According to the Oxford Dictionary the meaning of the word Satire is, “The use of humor, irony, exaggeration or vices, particularly in the context of contemporary politics and other topical issues.
We know very well that Benjamin Franklin was the first to bring out cartoons to criticize the social happenings constructively. But in literature very few such poems or verses are available in most of the languages.
But in Sanskrit literature we find hundreds of satiric verses in the great works of poets for the past many centuries.
Take the case of son-in-law. Here is a verse!
More oft than not he’s crooked-true And ever and anon adverse too; In Virgin’s house he always stands And austere worship ever demands, Friends! What should be this object Pshaw! A planet tenth, the son-in-law (Sanskrit verse translated by Dr Velluri Subba Rao).
In the above verse the virgin’s house has two meanings. One is the house of the Virgin whom the son-in-law marries. The second meaning is the Virgin’s house indicates the Virgo of the Zodiac. And rightly the son-in-law is called as the tenth planet. Everybody normally fearfully worship the nine planets namely Sun, Moon, Mars, Mercury, Jupiter, Venus, Saturn, Rahu and Kethu. Now we have to fearfully respect the tenth planet also, the son-in-law.
The poet drives his point in a satire manner here.
We have one whole work of the great poet Nilakantha Dikshita titled KaliVidambana containing 100 satiric verses in Sanskrit.
Nilakantha Dikshita lived in the seventeenth century. He was the son of Narayana Dikshitha and grandson of Accan Dikshita II, brother of the well-known poet Appaya Dikshita. He moved to the temple city Madurai and the great king Thirumalai Nayaka was attracted to him. He was the Prime Minister to this great king. He was a prolific writer. As many as eighteen works are known to have been composed by him.
In Kalividambana we may enjoy the satiric verses on various social characters in the family and outside, as well as quacks, doctors, poetasters, astrologers etc.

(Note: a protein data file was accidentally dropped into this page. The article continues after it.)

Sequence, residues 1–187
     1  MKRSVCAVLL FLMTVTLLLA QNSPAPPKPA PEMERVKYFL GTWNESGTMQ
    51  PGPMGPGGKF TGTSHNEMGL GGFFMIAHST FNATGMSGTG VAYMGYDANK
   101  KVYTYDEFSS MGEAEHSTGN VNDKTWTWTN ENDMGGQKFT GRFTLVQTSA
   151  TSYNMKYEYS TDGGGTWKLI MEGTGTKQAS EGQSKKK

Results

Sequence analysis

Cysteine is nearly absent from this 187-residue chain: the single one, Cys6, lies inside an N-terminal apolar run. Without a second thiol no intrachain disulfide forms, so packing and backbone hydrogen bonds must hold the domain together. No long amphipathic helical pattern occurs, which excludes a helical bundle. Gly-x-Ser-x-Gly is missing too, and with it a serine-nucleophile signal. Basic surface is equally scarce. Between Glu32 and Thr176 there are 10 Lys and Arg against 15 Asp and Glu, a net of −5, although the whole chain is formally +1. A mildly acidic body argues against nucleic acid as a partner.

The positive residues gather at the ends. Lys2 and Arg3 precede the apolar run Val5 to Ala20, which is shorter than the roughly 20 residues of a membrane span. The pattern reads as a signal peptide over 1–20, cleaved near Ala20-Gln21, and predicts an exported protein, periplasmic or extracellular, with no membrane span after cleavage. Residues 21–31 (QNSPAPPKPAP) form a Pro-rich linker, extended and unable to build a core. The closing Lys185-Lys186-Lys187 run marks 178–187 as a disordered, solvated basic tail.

Adverting to the astrologers Nilakantha says that they are very clever in interpreting or forecasting things. If a man asks about the sex of the future child, the astrologer should reply that a son would be born: for a lady, the reply should be in favor of a daughter. This is the clue for the astrologer’s success.
If one asks about one’s span of life, the reply should be that one would live for long. By such a reply, those who are alive will naturally be pleased. Even if the person concerned dies, there is no harm because those who are dead will never ask the astrologer as to why prediction went wrong.
Regarding the creditors, he says that even the God of death waits for the time of death to demand the life of persons; but there is no time-limit whatever for the creditor to demand back the debt owed to him.
Coming to poets, with a slight dig at the indiscriminate descriptions of poets, he says that in their descriptions even blind men become lotus-eyed, misers become Kalpa trees (wish full-filling trees) and even cowards become Vikramadidtyas (the king Vikramaditya is considered to be the greatest Heroic King in Indian history).
It is indeed a great pleasure to read all the hundred verses of Nilakantha. Once we come through such verses we will know that the satire is not new to Indian literature. It is as old as that of Sanskrit language.
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